I would love to see more worry and more action around this. 

Interesting! This is a very similar reasoning to what CE suggested from the start, nice to see this going forward and more supported financially.

Your insights have been incredibly valuable. I'd like to share a few thoughts that might offer a balanced perspective going forward.

It's worth noting the need to approach the call for increased funding critically. While animal welfare and global health organizations might express similar needs, the current emphasis on AI risks often takes center stage. There's a clear desire for more support within these organizations, but it's important for OpenPhil and private donors to assess these requests thoughtfully to ensure their alignment with genuine justification.

The observation that AI safety professionals anticipate more attention within Effective Altruism for AI safety compared to AI governance confirms a suspicion I've had. There seems to be a tendency among AI safety experts to prioritize their field above others, urging a redirection of resources solely to AI safety. It's crucial to maintain a cautious approach to such suggestions. Given the current landscape in AI safety—characterized by disagreements among professionals and limited demonstrable impact—pursuing such a high-risk strategy might not be the most prudent choice.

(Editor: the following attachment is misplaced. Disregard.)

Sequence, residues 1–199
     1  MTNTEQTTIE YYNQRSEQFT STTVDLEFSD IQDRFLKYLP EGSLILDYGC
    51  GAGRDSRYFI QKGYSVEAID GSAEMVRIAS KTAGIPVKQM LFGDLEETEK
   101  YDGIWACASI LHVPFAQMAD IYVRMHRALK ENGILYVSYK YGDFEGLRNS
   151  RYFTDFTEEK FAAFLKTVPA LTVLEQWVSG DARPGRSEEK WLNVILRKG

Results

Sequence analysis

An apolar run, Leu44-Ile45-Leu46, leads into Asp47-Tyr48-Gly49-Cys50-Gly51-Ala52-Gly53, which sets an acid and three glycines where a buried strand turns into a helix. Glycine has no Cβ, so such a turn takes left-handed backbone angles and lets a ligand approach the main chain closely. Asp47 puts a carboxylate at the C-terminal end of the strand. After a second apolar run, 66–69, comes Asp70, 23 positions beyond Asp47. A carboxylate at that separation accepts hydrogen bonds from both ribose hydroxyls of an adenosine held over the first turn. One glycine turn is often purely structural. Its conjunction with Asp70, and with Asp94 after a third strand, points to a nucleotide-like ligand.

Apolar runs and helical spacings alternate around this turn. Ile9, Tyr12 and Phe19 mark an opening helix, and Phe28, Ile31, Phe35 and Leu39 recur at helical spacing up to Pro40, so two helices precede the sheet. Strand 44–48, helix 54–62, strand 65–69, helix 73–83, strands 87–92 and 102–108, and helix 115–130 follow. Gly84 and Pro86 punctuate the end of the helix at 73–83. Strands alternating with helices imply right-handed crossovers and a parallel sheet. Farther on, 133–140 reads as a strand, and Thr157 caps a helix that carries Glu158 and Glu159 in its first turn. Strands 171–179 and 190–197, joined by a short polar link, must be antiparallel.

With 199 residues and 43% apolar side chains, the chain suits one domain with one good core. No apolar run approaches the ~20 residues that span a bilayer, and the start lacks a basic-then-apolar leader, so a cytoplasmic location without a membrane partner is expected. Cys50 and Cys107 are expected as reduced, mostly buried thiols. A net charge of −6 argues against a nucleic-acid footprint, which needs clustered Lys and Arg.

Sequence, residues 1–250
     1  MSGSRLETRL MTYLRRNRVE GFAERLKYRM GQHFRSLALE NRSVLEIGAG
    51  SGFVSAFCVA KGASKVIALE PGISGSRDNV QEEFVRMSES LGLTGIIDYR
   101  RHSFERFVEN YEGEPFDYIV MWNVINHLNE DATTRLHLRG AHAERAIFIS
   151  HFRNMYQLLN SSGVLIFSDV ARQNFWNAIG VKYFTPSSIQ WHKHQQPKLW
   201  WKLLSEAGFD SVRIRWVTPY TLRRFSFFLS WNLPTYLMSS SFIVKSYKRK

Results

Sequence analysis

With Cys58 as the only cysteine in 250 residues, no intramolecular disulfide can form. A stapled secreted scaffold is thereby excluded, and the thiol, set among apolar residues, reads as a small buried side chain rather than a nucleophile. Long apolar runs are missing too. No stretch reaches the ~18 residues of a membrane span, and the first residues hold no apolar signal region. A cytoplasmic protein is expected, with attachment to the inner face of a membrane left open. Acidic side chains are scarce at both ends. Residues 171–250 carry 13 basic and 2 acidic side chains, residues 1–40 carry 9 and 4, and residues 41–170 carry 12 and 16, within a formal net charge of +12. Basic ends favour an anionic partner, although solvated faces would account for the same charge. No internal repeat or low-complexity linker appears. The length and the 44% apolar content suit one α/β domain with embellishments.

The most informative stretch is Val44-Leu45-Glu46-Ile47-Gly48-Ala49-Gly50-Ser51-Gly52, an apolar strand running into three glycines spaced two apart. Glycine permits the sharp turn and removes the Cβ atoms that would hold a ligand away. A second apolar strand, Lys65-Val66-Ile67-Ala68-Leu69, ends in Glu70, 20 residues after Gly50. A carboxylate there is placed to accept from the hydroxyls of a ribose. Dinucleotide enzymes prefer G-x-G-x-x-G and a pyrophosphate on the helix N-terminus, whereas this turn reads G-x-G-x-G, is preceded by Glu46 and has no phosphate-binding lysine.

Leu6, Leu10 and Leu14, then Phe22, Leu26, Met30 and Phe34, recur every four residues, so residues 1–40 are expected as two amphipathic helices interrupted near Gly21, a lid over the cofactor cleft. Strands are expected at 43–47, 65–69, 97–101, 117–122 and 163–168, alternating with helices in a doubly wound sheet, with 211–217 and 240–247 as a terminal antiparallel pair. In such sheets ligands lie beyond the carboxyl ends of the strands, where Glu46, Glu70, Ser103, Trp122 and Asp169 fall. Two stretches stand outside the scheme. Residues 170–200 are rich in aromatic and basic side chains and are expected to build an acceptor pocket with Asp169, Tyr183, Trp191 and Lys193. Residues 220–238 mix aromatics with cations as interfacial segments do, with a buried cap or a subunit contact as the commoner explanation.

In discussions with AI safety experts about the potential for minimal progress despite significant investment in the wrong direction over five years, their perspective often revolves around the need to explore diverse approaches. However, this approach seems to diverge considerably from the principles embraced within Effective Altruism. I can understand why a community builder might feel uneasy about a strategy that, after five years of intense investment, offers little tangible progress and potentially detracts from other pressing causes.

This phrase is highly sexist and doesn't mean anything, especially since the demographics have barely changed (from 26% to 29% of women...wouldn't call it a shift in demographics), and what does that mean that women cannot use strong quantitative evidence? I don't need to say how ridiculous.

I don't see the point of this text. It doesn't touch upon anything specific, remaining very vague as to what are the 'old values'. The thing about charities is also surprising giving OpenPhil's switch to GCR, funding less and less neartermist charities (human at least, animal-based charities might get more funding given the current call for that now).

Not only is it killing--if the fetus is sentient, it's likely quite painful.

So what? Do we forbid abortion and condemn women to have these children? Or should we rather talk about policies to ensure that we don't need abortions anymore--that is, making contraceptives widely available and costless and educating men and women from the youngest age about the need of having efficient contraceptives? 

You talk about the risk of conception being known--men know, but some pay very little attention to the consequences nevertheless. So, should we find binding ways to force men to care? 

I hope this conversation sounds as interesting as regulating women's bodies in the first place, because it's a conversation we must have if we start talking about removing the ability of giving women a choice.